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Lock-in and the Costs of Switching Mainframe Computer Vendors in the US Federal Government in the 1970s

IP.com Disclosure Number: IPCOM000129892D
Original Publication Date: 1995-Sep-30
Included in the Prior Art Database: 2005-Oct-07
Document File: 14 page(s) / 61K

Publishing Venue

Software Patent Institute

Related People

SHANE M. GREENSTEIN: AUTHOR [+2]

Abstract

No careful empirical research has tested the widely held belief that the cost of switching computer vendors tends to produce technological ";lock-in,"; meaning that the cost of switching between incompatible vendors is prohibitively expensive. Using several studies by federal agencies into the costs of switching mainframe computer vendors, this article concludes that mainframe computers of the late 1970s possessed many of the features typically associated with lock- in. However, many other factors also attenuated tendencies to lock-in. While lock-in was important for the outcomes of several well- documented instances, it is not clear whether lock-in was important for the outcomes of a wide set of cases.

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THIS DOCUMENT IS AN APPROXIMATE REPRESENTATION OF THE ORIGINAL.

Copyright ©; 1995 by the Institute of Electrical and Electronics Engineers, Inc. All rights reserved. Used with permission.

Lock-in and the Costs of Switching Mainframe Computer Vendors in the US Federal Government in the 1970s

SHANE M. GREENSTEIN

No careful empirical research has tested the widely held belief that the cost of switching computer vendors tends to produce technological "lock-in," meaning that the cost of switching between incompatible vendors is prohibitively expensive. Using several studies by federal agencies into the costs of switching mainframe computer vendors, this article concludes that mainframe computers of the late 1970s possessed many of the features typically associated with lock- in. However, many other factors also attenuated tendencies to lock-in. While lock-in was important for the outcomes of several well- documented instances, it is not clear whether lock-in was important for the outcomes of a wide set of cases.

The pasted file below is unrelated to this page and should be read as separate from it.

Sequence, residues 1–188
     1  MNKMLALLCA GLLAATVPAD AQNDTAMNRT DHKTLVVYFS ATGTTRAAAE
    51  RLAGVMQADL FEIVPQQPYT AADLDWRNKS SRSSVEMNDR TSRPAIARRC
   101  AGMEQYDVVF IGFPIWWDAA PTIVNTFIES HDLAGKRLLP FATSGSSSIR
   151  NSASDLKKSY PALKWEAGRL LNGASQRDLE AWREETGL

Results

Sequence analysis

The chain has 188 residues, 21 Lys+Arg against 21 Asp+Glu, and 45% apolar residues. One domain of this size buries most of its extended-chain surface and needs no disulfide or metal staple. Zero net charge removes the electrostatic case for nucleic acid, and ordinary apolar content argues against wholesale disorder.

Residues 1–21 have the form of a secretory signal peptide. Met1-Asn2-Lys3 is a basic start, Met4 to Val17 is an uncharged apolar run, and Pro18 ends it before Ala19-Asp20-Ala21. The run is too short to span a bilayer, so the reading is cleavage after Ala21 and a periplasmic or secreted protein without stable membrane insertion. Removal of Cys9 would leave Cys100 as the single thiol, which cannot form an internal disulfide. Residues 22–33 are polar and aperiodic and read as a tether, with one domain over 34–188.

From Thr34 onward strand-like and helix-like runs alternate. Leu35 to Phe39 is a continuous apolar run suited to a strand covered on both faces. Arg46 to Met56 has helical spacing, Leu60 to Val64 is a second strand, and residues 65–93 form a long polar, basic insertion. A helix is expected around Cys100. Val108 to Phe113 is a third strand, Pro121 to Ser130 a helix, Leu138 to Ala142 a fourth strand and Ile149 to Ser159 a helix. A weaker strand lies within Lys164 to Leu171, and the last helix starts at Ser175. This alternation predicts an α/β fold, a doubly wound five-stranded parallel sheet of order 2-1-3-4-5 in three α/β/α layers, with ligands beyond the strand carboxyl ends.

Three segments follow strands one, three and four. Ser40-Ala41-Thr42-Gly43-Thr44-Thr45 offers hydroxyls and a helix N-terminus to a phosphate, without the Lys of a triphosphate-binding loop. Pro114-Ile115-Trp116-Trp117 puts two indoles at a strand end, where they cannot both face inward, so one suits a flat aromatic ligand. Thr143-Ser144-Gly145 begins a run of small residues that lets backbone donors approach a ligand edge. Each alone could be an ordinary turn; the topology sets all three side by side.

In most cases new ADP (Automatic Data Processing) technology will require modifications in system configurations, telecommunications and especially software, that can become intricate, lengthy and difficult to resolve. Hence, ... managers in both the public and private sectors tend to prefer new technology that is as compatible as possible with existing technology to minimize disruption in the conversion process.

-- Office of Technology Assessment, 19871

Switching costs are expenses incurred as a consequence Hoof a buyer switching between alternative suppliers of essentially the same product. Large switching costs can make buyers reluctant to switch to incompatible technologies. Often this means that these users are also reluctant to switch to incompatible vendors. This reluctance has two important consequences. First, it potentially provides incumbent suppliers with market power.2-12*1 Second, it may influence buyer and supplier choices among alternative technologies for a product. Markets may "lock-in" technical alternatives compatible with early technological leaders and "lock-out" incompatible alternatives.l3-19**2

Lock-in occurs in a surprisingly wide variety of forms and contexts. Notable empirical studies of technology lock-in include studies of nuclear power plant design,20 videocassette recorders,21 the typewriter keyboard,"17,18 and stereo systems.22 These studies show that if a user invests in systems of compatible components, some past investments retain their value when the user purchases more compatible components but lose their value when the user purchases incompatible components. This produces an inter-temporal link in a buyer's decisions, which in turn influences producer pricing, output, and product design decisions over time. All these links help produce technological lock-in.

The computer market is another example often cited as one that fits the mold. Because users of computer systems invest in systems of...